Gerhard Domagk, a German scientist working for the Bayer pharmaceutical giant in the early 1930s, had  found a promising anti-bacterial compound contained in a red dye. In December 1934 Bayer was granted a patent for their new product, which they called Prontosil. French researchers subsequently showed that the active ingredient in the dye-based Prontosil was a group of chemical compounds called sulphonamides. The venerable British chemical and pharmaceutical company May & Baker, founded almost a hundred years earlier,  got into the action in 1936 to find a patentable sulphonamide. They enlisted Dr Lionel Whitby, pathologist at the Middlesex Hospital in London, who isolated a variation called sulphapyridine. It was given the number 693 in the May&Baker series, and was thereafter always known as M&B693.

By March 1938 large-scale clinical trials had proved the effectiveness of the new drug, and the following year a more powerful and less toxic variation, sulphathiazole, was introduced as M&B760. This was the drug which Churchill’s doctors, in consultation with Dr Whitby,  chose to use in 1943.

Doris later wrote to Martin Gilbert that on her first night with the Prime Minister, ‘Geoffrey Marshall put him on a course of M&B760. Chemotherapy had only just started with the sulphonamides, and the results, though good on the whole, were still uncontrolled . .  . WC was fascinated by this and demanded to know exactly how the drug worked so that he could recount it to all his visitors’.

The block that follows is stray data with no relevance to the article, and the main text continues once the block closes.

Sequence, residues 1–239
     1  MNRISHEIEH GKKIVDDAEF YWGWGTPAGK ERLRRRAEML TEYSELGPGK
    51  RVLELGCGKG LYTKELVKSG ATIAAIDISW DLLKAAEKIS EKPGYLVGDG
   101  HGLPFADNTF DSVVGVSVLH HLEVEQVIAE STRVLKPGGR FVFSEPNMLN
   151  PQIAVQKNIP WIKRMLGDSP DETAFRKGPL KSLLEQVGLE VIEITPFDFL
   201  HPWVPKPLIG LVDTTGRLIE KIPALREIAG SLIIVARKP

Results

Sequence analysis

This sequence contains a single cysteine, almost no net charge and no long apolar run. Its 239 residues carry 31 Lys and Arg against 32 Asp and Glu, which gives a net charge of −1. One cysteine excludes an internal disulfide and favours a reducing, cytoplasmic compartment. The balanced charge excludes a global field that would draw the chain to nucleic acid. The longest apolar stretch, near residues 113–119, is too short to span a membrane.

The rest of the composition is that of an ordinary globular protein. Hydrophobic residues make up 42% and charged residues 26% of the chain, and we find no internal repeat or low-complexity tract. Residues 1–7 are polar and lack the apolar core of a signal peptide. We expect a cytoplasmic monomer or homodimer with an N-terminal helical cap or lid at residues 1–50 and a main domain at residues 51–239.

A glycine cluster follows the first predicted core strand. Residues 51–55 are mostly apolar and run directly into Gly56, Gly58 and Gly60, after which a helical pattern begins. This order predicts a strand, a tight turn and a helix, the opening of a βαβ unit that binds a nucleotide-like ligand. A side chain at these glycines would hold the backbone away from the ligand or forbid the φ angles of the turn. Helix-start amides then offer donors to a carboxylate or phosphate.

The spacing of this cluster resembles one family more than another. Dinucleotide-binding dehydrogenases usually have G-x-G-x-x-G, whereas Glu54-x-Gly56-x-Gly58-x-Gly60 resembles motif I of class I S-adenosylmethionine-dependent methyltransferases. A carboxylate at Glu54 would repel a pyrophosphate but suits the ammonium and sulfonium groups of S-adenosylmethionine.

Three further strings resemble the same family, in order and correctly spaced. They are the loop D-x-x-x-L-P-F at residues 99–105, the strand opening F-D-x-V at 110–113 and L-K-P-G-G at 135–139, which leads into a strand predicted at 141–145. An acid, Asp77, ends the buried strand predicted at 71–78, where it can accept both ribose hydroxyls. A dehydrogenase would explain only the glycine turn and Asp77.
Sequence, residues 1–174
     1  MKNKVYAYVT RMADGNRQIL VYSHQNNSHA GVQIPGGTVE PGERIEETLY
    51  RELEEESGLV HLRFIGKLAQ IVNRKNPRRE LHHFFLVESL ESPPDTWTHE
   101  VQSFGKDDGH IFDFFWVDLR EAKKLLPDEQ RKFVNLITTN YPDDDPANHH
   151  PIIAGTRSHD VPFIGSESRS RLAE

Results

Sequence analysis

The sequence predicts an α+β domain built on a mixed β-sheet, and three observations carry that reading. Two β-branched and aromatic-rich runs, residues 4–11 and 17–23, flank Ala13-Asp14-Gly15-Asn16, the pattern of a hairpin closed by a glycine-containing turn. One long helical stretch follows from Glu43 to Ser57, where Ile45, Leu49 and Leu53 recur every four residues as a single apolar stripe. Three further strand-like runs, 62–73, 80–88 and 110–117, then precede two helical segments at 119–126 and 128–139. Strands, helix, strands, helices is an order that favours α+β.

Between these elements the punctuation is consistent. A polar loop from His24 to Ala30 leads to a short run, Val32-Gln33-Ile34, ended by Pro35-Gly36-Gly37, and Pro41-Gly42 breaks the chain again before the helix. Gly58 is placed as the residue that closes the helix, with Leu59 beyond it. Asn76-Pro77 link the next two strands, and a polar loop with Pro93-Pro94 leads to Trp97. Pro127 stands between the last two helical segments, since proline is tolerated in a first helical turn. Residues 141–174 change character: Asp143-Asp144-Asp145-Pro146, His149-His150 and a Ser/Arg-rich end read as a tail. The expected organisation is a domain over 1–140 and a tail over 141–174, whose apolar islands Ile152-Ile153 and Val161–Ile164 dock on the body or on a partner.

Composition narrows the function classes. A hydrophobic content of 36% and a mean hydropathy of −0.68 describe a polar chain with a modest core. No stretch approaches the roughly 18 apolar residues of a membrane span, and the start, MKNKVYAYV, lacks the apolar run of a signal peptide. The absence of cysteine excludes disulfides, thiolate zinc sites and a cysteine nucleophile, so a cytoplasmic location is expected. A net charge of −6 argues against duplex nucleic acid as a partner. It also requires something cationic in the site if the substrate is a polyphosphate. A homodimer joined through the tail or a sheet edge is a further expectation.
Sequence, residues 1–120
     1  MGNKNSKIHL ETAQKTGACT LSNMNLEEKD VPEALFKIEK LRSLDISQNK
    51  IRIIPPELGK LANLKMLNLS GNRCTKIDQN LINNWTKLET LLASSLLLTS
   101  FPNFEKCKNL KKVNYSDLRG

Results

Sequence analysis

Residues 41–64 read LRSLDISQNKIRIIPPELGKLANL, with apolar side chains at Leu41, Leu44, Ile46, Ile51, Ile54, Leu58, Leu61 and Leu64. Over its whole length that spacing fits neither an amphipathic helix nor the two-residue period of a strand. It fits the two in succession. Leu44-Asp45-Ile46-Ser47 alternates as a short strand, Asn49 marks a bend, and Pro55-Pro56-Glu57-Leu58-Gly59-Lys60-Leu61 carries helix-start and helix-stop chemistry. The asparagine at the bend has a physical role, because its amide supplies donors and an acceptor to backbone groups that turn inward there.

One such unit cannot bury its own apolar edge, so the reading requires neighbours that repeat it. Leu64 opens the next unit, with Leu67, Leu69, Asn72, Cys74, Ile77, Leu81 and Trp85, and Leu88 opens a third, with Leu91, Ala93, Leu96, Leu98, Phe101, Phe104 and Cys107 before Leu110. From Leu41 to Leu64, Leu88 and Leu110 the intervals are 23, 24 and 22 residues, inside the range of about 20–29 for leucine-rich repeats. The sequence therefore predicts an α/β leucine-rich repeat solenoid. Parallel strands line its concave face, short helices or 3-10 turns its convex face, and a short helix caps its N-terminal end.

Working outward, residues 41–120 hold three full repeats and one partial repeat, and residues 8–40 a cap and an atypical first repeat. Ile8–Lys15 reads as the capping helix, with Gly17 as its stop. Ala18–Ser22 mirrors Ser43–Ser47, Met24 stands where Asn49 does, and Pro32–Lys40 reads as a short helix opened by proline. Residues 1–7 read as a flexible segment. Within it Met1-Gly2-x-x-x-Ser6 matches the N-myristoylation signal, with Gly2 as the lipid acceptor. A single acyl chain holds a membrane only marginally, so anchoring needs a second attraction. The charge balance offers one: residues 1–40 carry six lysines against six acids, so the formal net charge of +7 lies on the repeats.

Painful urination was one of the more distressing side effects of the drug, so potassium was given at the same time to prevent crystals of uric acid forming in the kidneys. Doris administered this in the form of potassium citrate (Pot Cit). He complained of head pains, so each night she would rub his head with oil of wintergreen (methyl salicylate), a compound related to aspirin which could help reduce the fever. ‘This became something of a ritual every evening’, Doris wrote, ‘and he would sing an old music-hall song while I was doing it’.